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fire brick

Jim Lea


Joined: Aug 01, 2011
Posts: 114
Location: Southern Sierra Nevada's
Ace hardware here in town is going out of business. Good people and a bummer to see them go. But they had fire brick on sale for .53 cents a brick. He swore up and down its fire brick. Brand is Pacific and it is called fireback.
So... I'm all excited and bust out my RMH book by Inato and see that he is using a much larger brick that is blonde in color. My Ace owner said that they make it in reds too. Mine is a typical "brick" size. About 4x3x9 (w,h,l). Close anyway. I don't feel like getting up to find a tape and go measure.

Finally my question. Did I get taken? Or, is this the real thing? I have only seen fire brick in tan and beige colors before this. I took a bit of a gamble. My fear was that it might be bought before I got back. So I plunged in.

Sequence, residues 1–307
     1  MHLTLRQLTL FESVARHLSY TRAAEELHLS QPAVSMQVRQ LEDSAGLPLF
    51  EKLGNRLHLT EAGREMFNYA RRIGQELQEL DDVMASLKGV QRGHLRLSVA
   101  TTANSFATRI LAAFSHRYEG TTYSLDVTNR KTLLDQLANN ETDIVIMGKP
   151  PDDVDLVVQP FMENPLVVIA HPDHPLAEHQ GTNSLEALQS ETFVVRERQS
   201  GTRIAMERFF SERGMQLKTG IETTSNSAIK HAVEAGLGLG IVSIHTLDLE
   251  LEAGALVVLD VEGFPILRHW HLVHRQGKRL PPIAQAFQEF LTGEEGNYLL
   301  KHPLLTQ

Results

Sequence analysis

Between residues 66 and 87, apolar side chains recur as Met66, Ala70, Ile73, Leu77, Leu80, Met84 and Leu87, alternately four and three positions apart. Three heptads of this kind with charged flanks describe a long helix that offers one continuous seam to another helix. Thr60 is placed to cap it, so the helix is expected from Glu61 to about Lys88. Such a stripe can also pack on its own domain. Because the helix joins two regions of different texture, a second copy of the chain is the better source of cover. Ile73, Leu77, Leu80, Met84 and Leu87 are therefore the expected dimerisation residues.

Jim


CA, Southern Sierras, alt. 4550 feet, zone 9ish. (still figuring it out), 3 mo. grow season. Regular wind to 20 mph. SANDY soil with scrub oak,pine,and juniper. 2 seasonal creeks.
Daniel Truax


Joined: Jan 07, 2012
Posts: 61
They do make red, black, brown, grey and they typical blond firebrick.

Firebrick usually has really square edges, that chip easily, and the sides are much straighter & smoother than clay brick.

Typical N. American regular brick is 8x4x2¼. Typical firebrick is 9x4.5x2 or 2¼ with split brick & again the thickness.

So it could be legit, if so get it all and sell the rest you don't need to others on craigslist.

-Dan.
dan murf


Joined: Feb 17, 2012
Posts: 50
Location: Michigan West Side
I just recently bought some cheap Firebrick. I could easily tell because of the weight of them. I think it was half that of a normal brick. The lighter the brick the higher the heat they can handle but more fradgle they become.
Murf